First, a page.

A key element of permaculture is the construction of earthworks. Earthen mounds, known as berms or Hugel mounds, help create microclimates and stimulate plant growth. Ben Falk, a renowned permaculture farmer from Vermont, has documented the success of his plants through the creation of these mounds. “We have noticed that all plants respond positively to being on a mound,” Falk notes, “and the increase in growth and health seems to vary from moderate to extreme. Often, we’ve seen plants respond with twice the growth rate.”9 Falk also discusses the added benefits of working on contour and building mounds. Not only does this increase available acreage by adding surface area, but biological activity and soil health are most heavily concentrated in the upper layers of the soil. Mounding, therefore, also increases the availability of productive, healthy soils.9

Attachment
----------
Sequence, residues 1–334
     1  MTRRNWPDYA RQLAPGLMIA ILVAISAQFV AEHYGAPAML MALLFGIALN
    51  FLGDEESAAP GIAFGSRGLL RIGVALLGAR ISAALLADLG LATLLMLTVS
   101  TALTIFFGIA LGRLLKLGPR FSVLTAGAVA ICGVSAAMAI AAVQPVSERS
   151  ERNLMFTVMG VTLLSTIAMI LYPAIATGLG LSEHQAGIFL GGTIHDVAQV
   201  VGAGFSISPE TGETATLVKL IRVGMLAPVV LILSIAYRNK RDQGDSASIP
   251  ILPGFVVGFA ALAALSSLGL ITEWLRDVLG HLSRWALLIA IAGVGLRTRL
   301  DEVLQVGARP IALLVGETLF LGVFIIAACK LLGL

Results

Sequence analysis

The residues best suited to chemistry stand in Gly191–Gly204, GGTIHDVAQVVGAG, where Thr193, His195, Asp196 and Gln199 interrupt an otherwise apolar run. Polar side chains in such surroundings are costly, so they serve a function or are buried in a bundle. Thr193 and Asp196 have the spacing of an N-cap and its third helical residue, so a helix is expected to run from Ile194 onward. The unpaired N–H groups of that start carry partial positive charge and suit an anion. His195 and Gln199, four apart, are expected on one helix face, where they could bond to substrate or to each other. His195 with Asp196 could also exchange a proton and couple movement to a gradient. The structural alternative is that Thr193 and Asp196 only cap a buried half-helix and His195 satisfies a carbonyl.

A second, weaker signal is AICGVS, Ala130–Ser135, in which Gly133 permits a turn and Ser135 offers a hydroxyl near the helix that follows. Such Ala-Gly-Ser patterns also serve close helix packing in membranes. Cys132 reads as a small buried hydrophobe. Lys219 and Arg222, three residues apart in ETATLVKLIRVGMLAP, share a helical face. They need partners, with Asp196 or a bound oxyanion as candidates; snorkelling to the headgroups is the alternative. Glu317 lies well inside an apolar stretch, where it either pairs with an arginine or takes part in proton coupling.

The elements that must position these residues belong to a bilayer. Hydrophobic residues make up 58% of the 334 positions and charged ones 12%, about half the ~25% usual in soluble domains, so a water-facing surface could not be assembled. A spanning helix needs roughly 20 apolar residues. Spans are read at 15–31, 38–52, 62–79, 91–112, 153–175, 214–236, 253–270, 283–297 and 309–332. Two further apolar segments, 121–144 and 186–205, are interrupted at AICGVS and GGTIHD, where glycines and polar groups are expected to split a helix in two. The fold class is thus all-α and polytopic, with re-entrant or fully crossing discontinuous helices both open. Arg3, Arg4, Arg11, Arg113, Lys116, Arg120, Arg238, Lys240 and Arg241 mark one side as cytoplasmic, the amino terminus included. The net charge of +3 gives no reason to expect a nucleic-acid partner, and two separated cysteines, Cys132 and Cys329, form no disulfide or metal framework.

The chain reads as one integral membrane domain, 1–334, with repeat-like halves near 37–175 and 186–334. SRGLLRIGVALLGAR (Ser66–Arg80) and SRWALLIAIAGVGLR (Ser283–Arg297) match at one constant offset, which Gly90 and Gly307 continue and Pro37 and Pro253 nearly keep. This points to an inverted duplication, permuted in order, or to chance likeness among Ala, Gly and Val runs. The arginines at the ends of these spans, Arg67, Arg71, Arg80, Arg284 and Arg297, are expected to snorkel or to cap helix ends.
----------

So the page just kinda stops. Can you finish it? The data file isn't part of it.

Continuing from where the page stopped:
Methods such as terracing and permaculture, in both their traditional and modern forms, can benefit humans without having devastating effects on the environment. Such models seem particularly promising in places like New England, where large-scale industrial agriculture is largely absent and progressive attitudes toward land use are strong. Jon Turner has been using permaculture earthworks, terraced on contour within a forested ecosystem, on his farm in Bristol, Vermont. Located in the foothills of the Green Mountains, Turner’s Wild Roots Farm is adapted to the steep terrain and operates as a productive farm benefiting the local community and environment. Turner understands the importance of maintaining a healthy ecosystem and enhancing opportunities for biodiversity while also providing for his community in Bristol. He firmly believes that terraced forest farming should become more widespread throughout New England’s hilly landscapes. He also stresses the added benefit of starting in fresh soil that is free of pesticides and other harmful chemicals, a strategy that has the added benefit of allowing lowland soils to regenerate.10